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The Top 100 Cubs Of All Time - #46 Woody English

Profile by BCB reader MadHatterBlues

Elwood "Woody" English made his Cubs debut in April of 1927, aged just 21, after being purchased from the Toledo Mud Hens of the American Association. He quickly established himself as the everyday shortstop, and didn't leave the team until 1936. Woody was short for a ballplayer, standing in at only 5'10", but he compensated for his lack of height with an extremely large pair of hands. This was obviously an aid to his defense, but he was never hailed as an above average defender at the big league level. A right-handed hitter and thrower, his strength lay in contact hitting. The Sporting News wrote of him on January 26, 1933:

The Cubs laid out important money to acquire him ($50,000), but no mistake was made and he became a regular from the start with the Chicago team.

English was hailed as a very likeable/upbeat man, and he even managed to get along with Rogers Hornsby when the two were roommates (and middle infielders) together. In "Fouled Away", a biography of Hack Wilson, English explained why he liked Hornsby, while others hated him:

You know, I liked the guy, because see, he was so good to me. I couldn't help but like him, but a lot of players didn't like Rogers.
He grew into the role of Team Captain with the Cubs, and in 1932 held the infamous clubhouse meeting where the Cubs players decided not to pay Hornsby a World Series share. Mentally strong and a dependable everyday player, Woody was a clubhouse leader on some very good Cubs sides.

His best year offensively was undoubtedly 1930. Hitting .335/.430/.511 (all career highs) he managed to score an incredible 154 runs, and achieved the very rare feat of amassing 200+ hits and 100 walks in the same season. Overall, he reached base 320 times that year to lead the National League. He also hit 14 of his 32 career home runs all at the age of 24. Although his 1931 season failed to match the previous year, he still played well enough to finish 4th in the MVP voting that year.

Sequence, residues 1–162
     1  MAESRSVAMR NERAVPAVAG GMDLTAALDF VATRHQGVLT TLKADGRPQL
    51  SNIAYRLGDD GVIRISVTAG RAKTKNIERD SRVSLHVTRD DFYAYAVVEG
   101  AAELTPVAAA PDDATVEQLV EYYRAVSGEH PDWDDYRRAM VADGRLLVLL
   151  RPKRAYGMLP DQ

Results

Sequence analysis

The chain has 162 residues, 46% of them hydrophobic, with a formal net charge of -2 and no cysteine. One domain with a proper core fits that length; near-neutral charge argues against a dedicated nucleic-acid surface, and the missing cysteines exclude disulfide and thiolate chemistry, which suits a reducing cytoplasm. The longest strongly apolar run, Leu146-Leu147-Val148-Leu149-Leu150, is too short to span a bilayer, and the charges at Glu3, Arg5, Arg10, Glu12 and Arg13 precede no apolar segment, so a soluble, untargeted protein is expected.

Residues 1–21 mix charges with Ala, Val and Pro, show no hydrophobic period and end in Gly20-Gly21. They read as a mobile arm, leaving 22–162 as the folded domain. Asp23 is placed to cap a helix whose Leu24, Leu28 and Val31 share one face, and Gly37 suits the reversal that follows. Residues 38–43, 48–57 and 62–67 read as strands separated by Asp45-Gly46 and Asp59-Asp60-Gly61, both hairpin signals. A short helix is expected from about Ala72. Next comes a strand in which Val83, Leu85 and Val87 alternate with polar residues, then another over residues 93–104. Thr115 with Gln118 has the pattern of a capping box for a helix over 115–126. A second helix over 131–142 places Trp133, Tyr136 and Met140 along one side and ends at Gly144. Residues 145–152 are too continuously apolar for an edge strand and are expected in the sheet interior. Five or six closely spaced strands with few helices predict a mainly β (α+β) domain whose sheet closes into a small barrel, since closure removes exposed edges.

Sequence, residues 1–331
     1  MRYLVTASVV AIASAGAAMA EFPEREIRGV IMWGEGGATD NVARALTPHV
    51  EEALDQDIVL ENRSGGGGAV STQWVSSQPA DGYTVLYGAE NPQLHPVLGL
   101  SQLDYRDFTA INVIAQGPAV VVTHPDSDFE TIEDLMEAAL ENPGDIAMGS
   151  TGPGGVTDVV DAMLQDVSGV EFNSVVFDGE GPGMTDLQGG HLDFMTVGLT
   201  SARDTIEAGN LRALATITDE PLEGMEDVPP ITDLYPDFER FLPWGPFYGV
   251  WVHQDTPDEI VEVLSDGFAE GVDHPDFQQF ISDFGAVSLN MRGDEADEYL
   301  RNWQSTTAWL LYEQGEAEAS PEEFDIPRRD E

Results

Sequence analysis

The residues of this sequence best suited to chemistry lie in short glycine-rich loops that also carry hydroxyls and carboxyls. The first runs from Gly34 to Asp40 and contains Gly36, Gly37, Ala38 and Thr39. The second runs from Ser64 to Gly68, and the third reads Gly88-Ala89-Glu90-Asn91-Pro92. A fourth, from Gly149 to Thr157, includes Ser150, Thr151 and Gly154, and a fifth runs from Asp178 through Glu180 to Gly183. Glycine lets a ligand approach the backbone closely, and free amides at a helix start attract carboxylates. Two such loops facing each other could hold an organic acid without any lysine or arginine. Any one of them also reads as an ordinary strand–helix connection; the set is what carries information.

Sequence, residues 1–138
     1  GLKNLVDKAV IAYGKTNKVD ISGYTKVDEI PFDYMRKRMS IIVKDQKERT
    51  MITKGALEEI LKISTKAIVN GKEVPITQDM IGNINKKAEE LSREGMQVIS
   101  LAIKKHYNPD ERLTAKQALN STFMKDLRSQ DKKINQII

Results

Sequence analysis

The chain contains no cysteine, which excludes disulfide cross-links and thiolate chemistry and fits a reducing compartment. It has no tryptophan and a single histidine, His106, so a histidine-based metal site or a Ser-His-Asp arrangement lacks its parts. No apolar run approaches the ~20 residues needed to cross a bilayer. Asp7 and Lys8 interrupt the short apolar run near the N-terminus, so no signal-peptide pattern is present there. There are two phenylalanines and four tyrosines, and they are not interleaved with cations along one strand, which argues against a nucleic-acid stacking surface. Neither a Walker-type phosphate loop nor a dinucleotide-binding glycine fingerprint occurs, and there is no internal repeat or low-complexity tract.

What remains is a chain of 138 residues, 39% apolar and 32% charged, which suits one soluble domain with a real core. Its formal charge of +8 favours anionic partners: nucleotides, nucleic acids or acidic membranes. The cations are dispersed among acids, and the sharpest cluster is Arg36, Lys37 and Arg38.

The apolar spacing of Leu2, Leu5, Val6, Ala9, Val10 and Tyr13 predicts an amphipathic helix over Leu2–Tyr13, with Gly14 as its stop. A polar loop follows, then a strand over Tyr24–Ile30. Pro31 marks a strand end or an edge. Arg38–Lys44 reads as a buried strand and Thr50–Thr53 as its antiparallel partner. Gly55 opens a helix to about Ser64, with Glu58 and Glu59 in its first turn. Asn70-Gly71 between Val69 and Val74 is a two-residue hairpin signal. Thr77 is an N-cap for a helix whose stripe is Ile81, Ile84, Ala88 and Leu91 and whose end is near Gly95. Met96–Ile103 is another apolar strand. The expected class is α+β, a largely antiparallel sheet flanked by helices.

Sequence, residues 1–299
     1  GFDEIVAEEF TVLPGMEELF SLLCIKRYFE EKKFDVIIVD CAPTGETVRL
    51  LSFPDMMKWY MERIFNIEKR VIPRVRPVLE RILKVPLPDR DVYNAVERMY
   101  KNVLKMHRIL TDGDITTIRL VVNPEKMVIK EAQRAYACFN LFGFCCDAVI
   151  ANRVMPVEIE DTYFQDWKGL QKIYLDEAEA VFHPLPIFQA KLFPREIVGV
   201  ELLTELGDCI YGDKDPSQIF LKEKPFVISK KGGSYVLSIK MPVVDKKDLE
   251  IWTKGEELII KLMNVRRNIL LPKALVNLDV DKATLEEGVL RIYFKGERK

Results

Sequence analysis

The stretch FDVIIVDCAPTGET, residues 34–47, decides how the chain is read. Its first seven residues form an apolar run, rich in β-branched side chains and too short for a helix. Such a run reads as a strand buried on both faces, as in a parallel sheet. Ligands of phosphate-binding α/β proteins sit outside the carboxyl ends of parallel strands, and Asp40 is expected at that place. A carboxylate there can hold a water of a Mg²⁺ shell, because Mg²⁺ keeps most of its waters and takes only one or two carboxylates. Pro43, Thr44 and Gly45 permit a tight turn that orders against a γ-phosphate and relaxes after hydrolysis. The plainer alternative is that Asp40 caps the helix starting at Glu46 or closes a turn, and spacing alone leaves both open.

In many ways his play never managed to reach the standard he set for himself these two years. His astonishing totals of 1930/1931 would have been hard to match anyway, but injuries and limited playing time made his chances even slimmer. English had the added misfortune of being replaced by excellent players. In 1932 he suffered a broken thumb, and on his return found he had lost his spot at SS to defensive whiz Billy Jurges. He found playing time at 3B until in 1934 he was edged out (by his backup till then) Stan Hack. He was selected to She National League squad for the first ever All-star game in 1933. His participation in that game, though, was limited to a pinch-hit fly-out.

In the 10 years English played with the Cubs, the club never won less than 84 games, and won 90+ on 5 occasions. This success translated into 3 league pennants, and of course 3 World Series defeats. Unfortunately for Woody his appearances in the World Series were not his best in a Cubs uniform. In 38 at bats he managed only 7 hits (2 doubles) and managed only to highlight the struggles of the entire team who went 3-12 in the 3 series while English was at the club. By the time of the '35 series against the Tigers, English had fallen out of the everyday line-up and did not appear at the plate during the series.

Of course just because he wasn't hitting, doesn't mean he wasn't enjoying a part of history. English was playing 3rd base in 1932 when Babe Ruth hit his "called shot" at Wrigley Field. When asked about it in 1995 he replied:

Babe Ruth did not call his HR. I was playing 3rd base that game and he held two fingers up indicating two strikes - the press indicated he pointed which he did not.

And on whether the blast quieted the Cubs players:

The Cub bench never let up on him.

Woody English was a good man and a component of some highly successful times for the Cubs. Often overlooked in the history books, as he was never a player to set records, but nonetheless he was a key player on three Cub NL championship teams, and thus ranks as one of the all-time Cubs greats.

After he retired, English managed in the All-American Girls Professional Baseball League for three seasons, and then returned to his hometown of Newark, Ohio, where he worked quietly as a custodian for State Farm Insurance, retiring in 1971. According to the Unofficial Woody English Web Site, there is a local highway in the Newark area named in his honor. English died September 26, 1997, aged 90.

Woody English's career stats at